Migratory destinations of North Pacific humpback whales from Guerrero state in Southwest Mexico reveal extension of Central American breeding grounds

Publications >> Migratory destinations of North Pacific humpback whales from Guerrero state in Southwest Mexico reveal extension of Central American breeding grounds

Citation

Dobson, E, J Calambokidis, A Kaulfuss, J de Weerdt, V Pouey-Santalou, A Chavez, K Audley. 2015. Migratory destinations of North Pacific humpback whales from Guerrero state in Southwest Mexico reveal extension of Central American breeding grounds. Abstract (Proceedings) 21st Biennial Conference on the Biology of Marine Mammals, San Francisco, California, December 14-18, 2015.

Abstract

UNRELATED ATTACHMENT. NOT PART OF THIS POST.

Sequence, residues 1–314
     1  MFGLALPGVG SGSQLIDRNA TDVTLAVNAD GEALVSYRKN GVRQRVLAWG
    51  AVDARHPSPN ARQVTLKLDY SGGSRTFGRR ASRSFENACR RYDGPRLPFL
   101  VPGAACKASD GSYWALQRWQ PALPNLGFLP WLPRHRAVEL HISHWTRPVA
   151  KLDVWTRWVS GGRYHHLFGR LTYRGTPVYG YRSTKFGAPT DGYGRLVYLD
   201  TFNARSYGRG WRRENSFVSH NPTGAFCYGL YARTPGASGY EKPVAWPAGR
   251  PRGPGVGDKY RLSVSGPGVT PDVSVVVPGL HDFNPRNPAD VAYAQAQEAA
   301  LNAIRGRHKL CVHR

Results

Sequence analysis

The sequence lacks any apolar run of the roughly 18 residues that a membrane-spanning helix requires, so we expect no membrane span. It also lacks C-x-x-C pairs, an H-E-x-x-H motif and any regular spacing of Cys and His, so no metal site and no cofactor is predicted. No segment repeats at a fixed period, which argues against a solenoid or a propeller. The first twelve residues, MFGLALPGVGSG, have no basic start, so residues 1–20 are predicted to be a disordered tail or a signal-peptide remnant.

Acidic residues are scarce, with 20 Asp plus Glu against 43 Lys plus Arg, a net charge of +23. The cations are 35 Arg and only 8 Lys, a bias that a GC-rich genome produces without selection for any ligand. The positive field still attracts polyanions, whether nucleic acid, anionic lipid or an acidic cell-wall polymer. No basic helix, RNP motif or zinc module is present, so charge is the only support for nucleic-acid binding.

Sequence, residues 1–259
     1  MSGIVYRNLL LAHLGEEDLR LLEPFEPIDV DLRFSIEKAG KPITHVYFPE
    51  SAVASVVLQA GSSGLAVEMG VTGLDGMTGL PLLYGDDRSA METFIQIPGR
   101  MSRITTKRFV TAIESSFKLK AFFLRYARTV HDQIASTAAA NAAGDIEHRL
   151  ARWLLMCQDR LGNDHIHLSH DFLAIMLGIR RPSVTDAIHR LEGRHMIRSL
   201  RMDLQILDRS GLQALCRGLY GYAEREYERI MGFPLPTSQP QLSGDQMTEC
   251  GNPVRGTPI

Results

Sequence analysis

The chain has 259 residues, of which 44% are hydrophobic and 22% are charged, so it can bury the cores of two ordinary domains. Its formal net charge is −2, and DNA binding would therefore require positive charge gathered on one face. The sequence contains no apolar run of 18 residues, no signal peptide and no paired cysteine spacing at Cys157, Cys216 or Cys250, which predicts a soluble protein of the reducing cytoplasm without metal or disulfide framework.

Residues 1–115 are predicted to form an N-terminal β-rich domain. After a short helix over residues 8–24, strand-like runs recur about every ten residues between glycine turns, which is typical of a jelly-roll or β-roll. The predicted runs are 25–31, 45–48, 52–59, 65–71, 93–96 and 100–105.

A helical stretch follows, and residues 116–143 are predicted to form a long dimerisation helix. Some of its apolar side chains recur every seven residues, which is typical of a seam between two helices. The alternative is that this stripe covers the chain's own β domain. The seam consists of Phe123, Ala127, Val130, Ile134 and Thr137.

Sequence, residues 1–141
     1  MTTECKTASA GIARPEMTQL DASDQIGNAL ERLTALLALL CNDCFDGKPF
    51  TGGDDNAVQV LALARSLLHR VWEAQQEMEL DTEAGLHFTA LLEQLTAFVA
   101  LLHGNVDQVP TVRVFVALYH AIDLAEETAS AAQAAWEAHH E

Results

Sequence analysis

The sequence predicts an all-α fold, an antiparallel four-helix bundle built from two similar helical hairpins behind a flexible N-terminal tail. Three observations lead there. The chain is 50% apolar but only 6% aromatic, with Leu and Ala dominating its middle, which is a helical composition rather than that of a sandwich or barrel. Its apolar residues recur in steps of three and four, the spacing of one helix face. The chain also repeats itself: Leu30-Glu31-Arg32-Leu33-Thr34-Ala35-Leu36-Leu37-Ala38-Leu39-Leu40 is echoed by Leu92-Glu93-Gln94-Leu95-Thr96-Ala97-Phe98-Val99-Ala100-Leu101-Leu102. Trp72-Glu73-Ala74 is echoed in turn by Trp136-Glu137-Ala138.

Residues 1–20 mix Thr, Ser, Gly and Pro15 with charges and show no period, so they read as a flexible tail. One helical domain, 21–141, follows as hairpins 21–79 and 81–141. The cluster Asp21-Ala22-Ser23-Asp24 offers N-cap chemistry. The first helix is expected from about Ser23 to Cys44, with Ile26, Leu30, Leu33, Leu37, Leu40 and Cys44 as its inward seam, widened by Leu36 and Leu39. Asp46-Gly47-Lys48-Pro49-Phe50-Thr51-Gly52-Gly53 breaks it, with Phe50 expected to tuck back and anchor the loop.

Humpback whales in the North Pacific are known to winter in low latitude areas off Asia, Hawaii, Mexico, and Central America. Most of the research off Mexico has focused on the offshore Revillagigedos and mainland Mexico from Mazatlán to Puerto Vallarta, with little work conducted off the coast of central or southern Mexico. Here we look at the migratory destinations of humpback whales identified at a new area of research around the state of Guerrero (about 550 km SE of Puerto Vallarta) and examine whether resighting patterns of these whales more closely resemble the other Mexico wintering areas or those in more distant areas off Central America (more than 1110 km away). Of 70 non-calf whales identified off Guerrero in January to March 2014-15, 42 (60%) had been seen previously off the US west coast from southern California to northern Washington from 1986 to 2013. This high proportion suggests that the vast majority of whales seen off Guerrero migrate to these mid-latitude feeding areas similar to whales that winter off Central America. This is in contrast to mainland Mexico whales that are known to migrate to multiple feeding areas including the US west coast, British Columbia, and Alaskan waters. The Guerrero whales in this study were primarily resighted in the more southern part of the US west coast feeding area, again similar to what has been seen for whales from Central America compared to those from mainland Mexico. Although a full comparison between Guerrero, Central American and Mainland Mexico has not yet been achieved, we are able to confirm that 13 of the whales from Guerrero have previously been seen in Central America and 6 in mainland Mexico. These finding indicate that despite their closer proximity to the primary wintering areas for humpbacks in mainland Mexico, those from Guerrero are more similar in their migratory destinations to humpbacks from much more distant areas in Central America. These findings are important given the recently proposed recognition of Distinct Population Segments for humpback whales that would delist those off mainland Mexico but keep as threatened those off Central America under the US Endangered Species Act.

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